Girls Who Code graduate Goldman Sachs program
Consider a fully functional website with educational content, celebrity forums, social engagement and crowdsourcing features — built in only eight weeks, using standard HTML, CSS, and jQuery. Now consider that the site was built by three New York City high school students – not even graduates – who had never taken a computer science course in their lives. Yet that is exactly what Kafilah Ali Muhammad, Molica Sin, and Sheree Lewis accomplished during their “I had no idea I could do this” summer.
The program, operated by 2-year-old not-for-profit Girls Who Code, is still in its infancy, and Goldman Sachs Group Inc. is one of only a handful of corporate partners. Twitter Inc., Intel Corp., and eBay Inc. are among the others. The goal of the program is to initiate female high school students into the discipline of information technology and pique their interest in the types of IT careers available to them. But while the program may make a dent with young women, the problem of recruiting more young U.S. citizens into IT careers will require greater societal changes than a single non-profit can accomplish. Such as, for instance, a wider acceptance of computer science credits towards a high school diploma.
Certainly the program was effective where the 20 young graduates of the Goldman Sachs program were concerned. Ms. Muhammad, who attends the Benjamin Banneker Academy, a public high school in Brooklyn, N.Y., said she discovered that she could use information technology to address issues that she’s passionate about, such as mental health. Computer science, she said, is about “what you’re capable of doing, and applying it to your life.”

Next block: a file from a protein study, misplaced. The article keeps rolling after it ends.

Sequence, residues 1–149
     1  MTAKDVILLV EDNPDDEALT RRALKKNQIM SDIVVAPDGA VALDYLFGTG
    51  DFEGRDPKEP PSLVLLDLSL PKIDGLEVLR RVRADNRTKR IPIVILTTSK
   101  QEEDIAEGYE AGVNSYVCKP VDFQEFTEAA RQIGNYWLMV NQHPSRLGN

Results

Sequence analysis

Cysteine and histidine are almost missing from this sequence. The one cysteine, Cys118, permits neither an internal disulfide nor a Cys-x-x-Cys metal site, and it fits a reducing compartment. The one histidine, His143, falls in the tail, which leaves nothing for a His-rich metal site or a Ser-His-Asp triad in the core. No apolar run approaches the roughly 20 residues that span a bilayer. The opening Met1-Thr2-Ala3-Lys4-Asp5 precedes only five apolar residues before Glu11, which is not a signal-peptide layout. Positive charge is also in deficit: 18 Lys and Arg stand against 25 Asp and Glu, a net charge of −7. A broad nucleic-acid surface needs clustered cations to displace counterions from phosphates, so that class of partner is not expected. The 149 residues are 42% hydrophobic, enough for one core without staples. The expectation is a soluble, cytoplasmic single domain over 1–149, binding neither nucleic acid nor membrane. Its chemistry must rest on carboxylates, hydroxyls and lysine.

Still, there is a paucity of females coming into the IT workforce.
According to Kristen Titus, the executive director of Girls Who Code, only 0.3% of female high school students express an interest in computer science. Only 4,000 U.S. girls took advanced placement computer science classes in high school, she said. Yelena Denisenko, another graduate of Girls Who Code, says that until she was approached about GWC by her guidance counselor, IT “was something that nobody came forward with for me.”
And the problem seems to be only growing. Jane Chwick, who spent 30 years at Goldman Sachs, most recently as co-chief operating officer of its technology division and sponsor of the firm’s Women in Technology Diversity Network, says that despite its best efforts only approximately 20% of the company’s IT staff are women, compared with over 30% when she began her career. “I didn’t think [female representation in IT] was a problem, and I was wrong,” she said during an interview at Goldman Sachs headquarters.
She says IT suffers from poor PR – few women realize how well jobs in IT pay, or how flexible work conditions can be. As a result, she says, “women are absolutely not represented in the workforce of the future.”
The problem is not limited to girls, says Ms. Chwick. Even among boys, “only the geeks are going into computer science” in college. She asserts that too few U.S. kids are studying computer science to fill critical IT jobs of the future.
One reason is that computer science programs are still the red-headed stepchild of high school curricula. According to Ms. Titus, most high schools don’t offer computer science courses, and less than 1% of vaunted STEM (science, technology, engineering and math) funding actually “relates to technology.”
“Not only is there no requirement for computer science class to graduate, only 10 states allow computer science classes to count as credits towards a degree,” said Ms. Titus. And that tenth state – the State of Washington – made the change to its high school degree criteria only this year.
“It’s 2013 and we still haven’t figured this out,” said Ms. Chwick.